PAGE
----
Re: trichotomy revisited -- NEW INFO
Phillip Bigelow (firstname.lastname@example.org)
Fri, 23 Dec 1994 06:50:19 GMT
email@example.com (John Wilkins) writes:
>I haven't been following this very closely, so I may be about to commit a
>: firstname.lastname@example.org (Kathleen Hunt) writes:
>: >**ALL** Old World monkeys, apes AND HUMANS, and in cats. The point of
>: >*that* paper was that cats acquired a virogene from primates.
>: >Interesting, but irrelevant to the discussion here.
>: >Kathleen Hunt
>: Actually, it may be very relevant. Of all of the cat species tested for
>: the virus (and there were many, see the above-quoted article), the common,
>: everyday housecat had the greatest expression of the gene (homology) of all
>: of the cat species. The housecat was much moreso than _all_ of the wild
>: African cat species. Why would a domesticated animal show the greatest
>: degree of exposure to the baboon -C virus? Could it be that the
>: domesticated housecat caught it from humans, at a time when humans were more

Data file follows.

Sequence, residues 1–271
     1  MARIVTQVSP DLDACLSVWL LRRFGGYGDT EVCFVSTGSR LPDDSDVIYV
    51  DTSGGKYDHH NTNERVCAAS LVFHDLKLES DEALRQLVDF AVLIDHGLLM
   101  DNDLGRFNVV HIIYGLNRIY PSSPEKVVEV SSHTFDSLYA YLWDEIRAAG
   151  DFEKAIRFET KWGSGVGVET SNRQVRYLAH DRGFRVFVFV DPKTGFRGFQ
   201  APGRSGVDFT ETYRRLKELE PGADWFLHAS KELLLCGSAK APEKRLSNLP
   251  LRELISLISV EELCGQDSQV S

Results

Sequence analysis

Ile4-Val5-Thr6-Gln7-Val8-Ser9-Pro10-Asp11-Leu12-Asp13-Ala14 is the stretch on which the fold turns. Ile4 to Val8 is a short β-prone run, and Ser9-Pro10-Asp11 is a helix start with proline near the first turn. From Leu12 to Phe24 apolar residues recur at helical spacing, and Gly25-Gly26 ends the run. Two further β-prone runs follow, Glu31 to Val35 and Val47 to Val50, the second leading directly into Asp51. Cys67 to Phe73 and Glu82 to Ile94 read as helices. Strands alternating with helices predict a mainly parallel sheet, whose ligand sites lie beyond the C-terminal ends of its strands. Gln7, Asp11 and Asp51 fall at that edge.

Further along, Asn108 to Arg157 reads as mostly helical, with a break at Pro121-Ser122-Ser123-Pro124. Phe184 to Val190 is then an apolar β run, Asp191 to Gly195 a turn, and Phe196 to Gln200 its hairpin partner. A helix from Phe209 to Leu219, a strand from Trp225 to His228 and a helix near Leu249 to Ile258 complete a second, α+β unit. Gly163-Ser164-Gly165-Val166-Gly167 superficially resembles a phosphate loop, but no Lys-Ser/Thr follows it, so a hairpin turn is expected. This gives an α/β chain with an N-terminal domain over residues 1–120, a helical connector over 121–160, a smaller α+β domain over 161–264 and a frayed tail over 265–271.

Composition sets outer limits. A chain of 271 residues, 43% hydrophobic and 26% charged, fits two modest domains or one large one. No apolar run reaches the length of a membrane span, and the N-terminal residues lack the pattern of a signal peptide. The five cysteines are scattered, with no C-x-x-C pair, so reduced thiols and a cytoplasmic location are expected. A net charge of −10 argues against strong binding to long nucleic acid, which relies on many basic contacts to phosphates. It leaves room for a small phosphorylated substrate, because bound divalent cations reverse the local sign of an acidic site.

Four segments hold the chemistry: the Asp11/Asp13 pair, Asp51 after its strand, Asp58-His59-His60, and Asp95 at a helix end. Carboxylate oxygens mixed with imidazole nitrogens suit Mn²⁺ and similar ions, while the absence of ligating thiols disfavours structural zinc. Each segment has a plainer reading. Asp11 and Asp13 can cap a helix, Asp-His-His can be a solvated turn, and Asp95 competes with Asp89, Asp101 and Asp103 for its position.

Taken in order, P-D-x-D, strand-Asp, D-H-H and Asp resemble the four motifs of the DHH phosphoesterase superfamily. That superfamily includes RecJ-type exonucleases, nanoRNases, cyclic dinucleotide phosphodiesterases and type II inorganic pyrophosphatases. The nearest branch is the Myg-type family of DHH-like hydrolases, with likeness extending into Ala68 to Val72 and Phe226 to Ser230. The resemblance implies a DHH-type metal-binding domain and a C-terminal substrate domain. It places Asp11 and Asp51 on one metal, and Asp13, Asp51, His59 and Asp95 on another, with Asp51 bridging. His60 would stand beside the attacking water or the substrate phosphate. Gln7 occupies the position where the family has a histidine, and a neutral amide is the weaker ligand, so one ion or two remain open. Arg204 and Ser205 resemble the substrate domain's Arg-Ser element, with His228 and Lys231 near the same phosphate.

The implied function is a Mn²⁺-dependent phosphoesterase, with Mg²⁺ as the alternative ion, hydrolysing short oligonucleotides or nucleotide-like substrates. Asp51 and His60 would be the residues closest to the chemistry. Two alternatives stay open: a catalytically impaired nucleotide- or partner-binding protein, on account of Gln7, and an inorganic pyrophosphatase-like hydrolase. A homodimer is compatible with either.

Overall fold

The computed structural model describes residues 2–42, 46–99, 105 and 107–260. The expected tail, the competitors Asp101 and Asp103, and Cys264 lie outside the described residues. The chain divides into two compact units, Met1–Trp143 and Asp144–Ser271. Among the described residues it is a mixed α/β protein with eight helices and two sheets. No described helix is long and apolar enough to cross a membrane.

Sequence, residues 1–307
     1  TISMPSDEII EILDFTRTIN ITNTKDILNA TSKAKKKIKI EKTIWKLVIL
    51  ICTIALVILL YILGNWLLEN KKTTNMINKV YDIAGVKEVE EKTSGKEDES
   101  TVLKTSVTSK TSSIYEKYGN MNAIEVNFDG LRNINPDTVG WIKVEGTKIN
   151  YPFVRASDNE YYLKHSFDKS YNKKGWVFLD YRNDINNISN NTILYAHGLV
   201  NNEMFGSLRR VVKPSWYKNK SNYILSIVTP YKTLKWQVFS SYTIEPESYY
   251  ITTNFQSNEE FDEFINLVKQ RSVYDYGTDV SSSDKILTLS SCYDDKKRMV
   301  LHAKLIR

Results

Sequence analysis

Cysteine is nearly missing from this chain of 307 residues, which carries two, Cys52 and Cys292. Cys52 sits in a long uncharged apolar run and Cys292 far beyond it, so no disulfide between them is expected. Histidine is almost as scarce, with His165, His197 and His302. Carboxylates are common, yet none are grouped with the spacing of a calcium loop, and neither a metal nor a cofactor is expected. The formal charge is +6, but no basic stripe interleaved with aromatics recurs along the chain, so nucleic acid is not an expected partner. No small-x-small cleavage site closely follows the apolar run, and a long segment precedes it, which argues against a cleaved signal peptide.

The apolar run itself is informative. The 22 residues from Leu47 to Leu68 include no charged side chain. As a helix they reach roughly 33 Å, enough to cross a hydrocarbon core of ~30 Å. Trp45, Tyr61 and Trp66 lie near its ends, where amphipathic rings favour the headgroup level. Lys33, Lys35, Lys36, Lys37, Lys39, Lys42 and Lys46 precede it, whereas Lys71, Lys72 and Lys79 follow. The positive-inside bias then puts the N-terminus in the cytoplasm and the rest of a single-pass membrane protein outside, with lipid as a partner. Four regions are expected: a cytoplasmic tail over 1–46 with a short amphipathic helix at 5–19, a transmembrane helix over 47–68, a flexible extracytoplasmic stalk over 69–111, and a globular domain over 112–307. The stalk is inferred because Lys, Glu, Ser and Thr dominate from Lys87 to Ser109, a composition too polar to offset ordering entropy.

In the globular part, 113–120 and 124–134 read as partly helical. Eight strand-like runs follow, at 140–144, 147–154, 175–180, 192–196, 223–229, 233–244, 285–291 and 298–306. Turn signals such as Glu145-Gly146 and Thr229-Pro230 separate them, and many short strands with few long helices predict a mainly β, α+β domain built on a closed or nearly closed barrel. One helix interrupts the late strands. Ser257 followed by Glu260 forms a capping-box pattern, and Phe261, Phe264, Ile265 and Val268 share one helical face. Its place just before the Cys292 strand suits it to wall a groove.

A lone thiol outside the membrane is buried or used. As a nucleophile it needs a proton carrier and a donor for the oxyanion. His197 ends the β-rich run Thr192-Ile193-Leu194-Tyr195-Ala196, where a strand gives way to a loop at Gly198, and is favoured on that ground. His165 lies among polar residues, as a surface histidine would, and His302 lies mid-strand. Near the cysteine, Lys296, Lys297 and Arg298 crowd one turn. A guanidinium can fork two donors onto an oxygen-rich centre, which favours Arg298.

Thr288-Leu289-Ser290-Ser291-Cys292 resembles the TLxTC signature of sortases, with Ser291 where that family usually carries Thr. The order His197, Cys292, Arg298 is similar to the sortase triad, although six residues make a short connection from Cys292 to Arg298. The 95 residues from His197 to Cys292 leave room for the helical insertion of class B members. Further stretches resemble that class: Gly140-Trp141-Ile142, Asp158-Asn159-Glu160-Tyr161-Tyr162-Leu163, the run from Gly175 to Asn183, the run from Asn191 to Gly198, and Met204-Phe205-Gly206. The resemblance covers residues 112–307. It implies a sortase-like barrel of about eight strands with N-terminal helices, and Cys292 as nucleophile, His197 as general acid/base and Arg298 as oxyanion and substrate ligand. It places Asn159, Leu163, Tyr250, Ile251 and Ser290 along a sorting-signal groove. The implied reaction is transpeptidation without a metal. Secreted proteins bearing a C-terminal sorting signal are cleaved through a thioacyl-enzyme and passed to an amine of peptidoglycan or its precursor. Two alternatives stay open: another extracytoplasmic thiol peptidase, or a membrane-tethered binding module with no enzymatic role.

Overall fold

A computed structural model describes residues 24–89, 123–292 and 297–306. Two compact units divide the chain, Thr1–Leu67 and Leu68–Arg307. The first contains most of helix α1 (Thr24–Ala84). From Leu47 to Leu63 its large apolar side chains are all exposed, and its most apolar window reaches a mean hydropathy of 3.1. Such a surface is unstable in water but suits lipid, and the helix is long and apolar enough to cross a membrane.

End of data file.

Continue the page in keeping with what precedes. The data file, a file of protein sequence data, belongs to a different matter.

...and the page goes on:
>: virulent? And if the common everyday housecat has the stongest expression
>: of this virus of all the cats, why wouldn't humans be exposed as well?
>: Phil Bigelow <pb>
>Ummm, as I understand it, jungle cats were domesticated less than 10,000
>years ago, at which time we have clear evidence of human dispersal over
>most of the globe, including the non-cat-domesticating areas such as South
>America. So, if the baboon -C gene is widely dispersed, then it is not
>likely that cats caught it at the time when humans were most virulent
>vectors of the gene, since one would assume that virulence would attenuate
>fairly rapidly, geologically speaking.
>Have I missed something here?
>John Wilkins, Head of Communication Services, Walter and Eliza Hall
According to the authors of the research, the European Wild cat and the
wild cats in North Africa were closely behind the domestic cat in "homology"
to the virus. Both of these wild species have geographic ranges that
parallel the spread of Homo out of the African Continent. The cat species
that showed little or no "homology" were the New World cats, which have
_only recently_ been in association with Homo (ca. 10,000 years or so).
There seems to be a rough correlation with the _early_ spread of Homo out of
Africa. To me, that holds the whole "geographical isolation" theory